Today is Saturday, October 29th, 2011. Richard Dreyfuss is 64.
Malachi came into our room at 8:21AM and said “get up”. There was no tacit to his tone. He understands that Saturday mornings are all about me being there with the kids while mommy keeps her eyes squinted shut amidst the shouting, crying, controlled explosions — and, worse, uncontrolled explosions — happening just down the hall.
“Get up.” Yes, he sounds kind of bossy, but I don’t blame him. He knows that I don’t get up easily. I ask for nine more minutes. Nine more, and then I’ll get up.
“Okay. I’ll go out to the living room and count to nine.”
Ah. Minutes are longer than milliseconds. “123456789! Get up, Daddy!”
At 8:21, I tell Mac to go and watch the oven clock. After it changes nine times, come and get me.
At 8:30, “Get up.”
In that moment my brain reminds me of the smell of coffee, and then immediately juxtaposes my smell memory with the smell reality of no coffee, followed by mentally examining the cupboard manifest file that indicates that there are 0 coffee grounds. I tell Malachi to get his shoes on quickly and quietly so that we can run down to Hutch’s and get some coffee before everyone else wakes up. “And some pop-tarts?” YesGet your shoes on. YesGet is a magical word in parenting that is employed whenever the child expresses their desire after yours, as if they’ve produced a carrot for you to tie to the end of a stick. He puts his shoes on in record time.
We get into the Jeep and head East. For kicks, I pass the first parking lot entrance and proceed to the second. “Why did you do that, Daddy?” I tell him that it’s Saturday. Anything goes! He doesn’t get the tomfoolery and instead makes note that we are to use only the East entrance on Saturdays.
We enter Hutch’s and are pulled by a gravitational force found in the mind of a 6 year old. His internal sensors are giving clear indication as to the location of the pop tarts. “I hope they have the kind I like!” I ask him what kind he likes. He says that he does not know.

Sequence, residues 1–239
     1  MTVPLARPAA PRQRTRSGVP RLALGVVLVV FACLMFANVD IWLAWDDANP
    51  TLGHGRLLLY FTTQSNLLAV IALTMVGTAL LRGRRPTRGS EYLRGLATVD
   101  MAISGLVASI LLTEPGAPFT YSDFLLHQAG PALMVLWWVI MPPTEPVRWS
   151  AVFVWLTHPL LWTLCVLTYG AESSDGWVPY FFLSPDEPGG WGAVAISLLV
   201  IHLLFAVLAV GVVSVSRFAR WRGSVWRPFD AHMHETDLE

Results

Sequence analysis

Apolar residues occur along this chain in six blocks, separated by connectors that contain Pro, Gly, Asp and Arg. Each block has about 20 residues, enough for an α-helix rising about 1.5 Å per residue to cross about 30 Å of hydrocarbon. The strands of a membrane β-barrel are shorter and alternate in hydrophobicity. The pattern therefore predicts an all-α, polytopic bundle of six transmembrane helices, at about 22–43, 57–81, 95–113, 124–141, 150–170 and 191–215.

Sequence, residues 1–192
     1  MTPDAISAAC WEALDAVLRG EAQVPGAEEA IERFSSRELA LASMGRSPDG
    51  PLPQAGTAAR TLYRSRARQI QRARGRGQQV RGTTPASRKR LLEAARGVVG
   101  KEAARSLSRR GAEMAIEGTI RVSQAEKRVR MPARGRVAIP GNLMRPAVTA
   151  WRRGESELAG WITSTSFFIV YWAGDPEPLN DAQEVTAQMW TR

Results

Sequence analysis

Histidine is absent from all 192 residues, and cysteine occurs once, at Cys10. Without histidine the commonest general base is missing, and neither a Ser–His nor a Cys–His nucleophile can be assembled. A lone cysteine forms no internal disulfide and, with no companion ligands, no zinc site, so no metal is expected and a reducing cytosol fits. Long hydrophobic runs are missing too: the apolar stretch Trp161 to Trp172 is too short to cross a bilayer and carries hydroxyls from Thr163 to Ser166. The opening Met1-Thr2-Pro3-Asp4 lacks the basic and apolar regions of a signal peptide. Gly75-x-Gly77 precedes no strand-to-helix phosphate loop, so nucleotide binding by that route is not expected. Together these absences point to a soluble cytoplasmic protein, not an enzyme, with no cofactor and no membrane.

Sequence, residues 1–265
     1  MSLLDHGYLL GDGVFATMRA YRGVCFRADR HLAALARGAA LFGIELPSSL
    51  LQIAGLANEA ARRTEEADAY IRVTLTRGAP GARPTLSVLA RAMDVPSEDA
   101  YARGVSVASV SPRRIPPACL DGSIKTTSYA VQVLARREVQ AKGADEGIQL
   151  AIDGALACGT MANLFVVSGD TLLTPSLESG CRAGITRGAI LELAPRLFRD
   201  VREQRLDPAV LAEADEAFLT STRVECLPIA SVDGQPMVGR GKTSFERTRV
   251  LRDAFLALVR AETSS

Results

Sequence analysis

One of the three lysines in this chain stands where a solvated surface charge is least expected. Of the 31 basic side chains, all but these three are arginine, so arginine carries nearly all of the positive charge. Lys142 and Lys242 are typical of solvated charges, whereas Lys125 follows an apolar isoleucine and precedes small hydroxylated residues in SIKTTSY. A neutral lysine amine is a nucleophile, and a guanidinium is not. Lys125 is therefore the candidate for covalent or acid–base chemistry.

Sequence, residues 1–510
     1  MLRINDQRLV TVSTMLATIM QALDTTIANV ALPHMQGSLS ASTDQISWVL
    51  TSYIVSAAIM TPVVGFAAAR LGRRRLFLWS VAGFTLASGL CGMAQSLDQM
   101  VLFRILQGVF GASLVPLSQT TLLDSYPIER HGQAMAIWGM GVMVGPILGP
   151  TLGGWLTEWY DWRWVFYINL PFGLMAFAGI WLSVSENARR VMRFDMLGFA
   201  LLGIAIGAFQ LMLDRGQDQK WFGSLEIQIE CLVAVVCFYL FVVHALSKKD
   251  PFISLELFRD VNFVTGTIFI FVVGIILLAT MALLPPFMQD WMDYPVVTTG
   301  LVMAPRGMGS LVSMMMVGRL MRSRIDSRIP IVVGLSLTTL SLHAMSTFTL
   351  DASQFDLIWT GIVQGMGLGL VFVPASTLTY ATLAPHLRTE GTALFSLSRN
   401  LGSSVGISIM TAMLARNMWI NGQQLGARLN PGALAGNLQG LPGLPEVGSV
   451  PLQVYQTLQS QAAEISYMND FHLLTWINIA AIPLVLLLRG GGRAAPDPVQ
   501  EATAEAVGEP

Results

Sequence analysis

We get to the pop tart section and he chooses a blue box of MountainBerryBlast(tm) made with real* froot! I don’t take the time to read the small print because my Daddy sensors are indicating the location of coffee two aisles over.
I point out to Malachi the array of coffee flavors (breakfast blend, french roast, MountainBerryBlast, etc.) and ask him which I should get. He chooses the one that’s blue, since blue is his favorite color. Sound reasoning. Let’s go.
Theresa the cashier tries to make small talk with Malachi but he won’t give in and engage. She does not have a toaster and he is not interested in things that aren’t toasters. A swipe and a bag, and we head out to the parking lot. “STOP, Daddy!”
“I need a dollar.”
I don’t have a dollar for him. He wants to use the claw to get a bouncy ball. He remarks that he will bring his dollar on the next outing to Hutch’s, so that he can get a blue one.
I explain to Malachi how the claw game works, that there’s actually a very slim chance you’ll get whatever it tries to pick up. Looking back, I realize that I painted a rather dim picture, even for the claw game. He chimed in with his genuine hope.
“Yeah. I want a blue one.”
We buckle into the Jeep. I go out the West driveway to M-60, followed by a gentle reprimand for using the wrong one on a Saturday.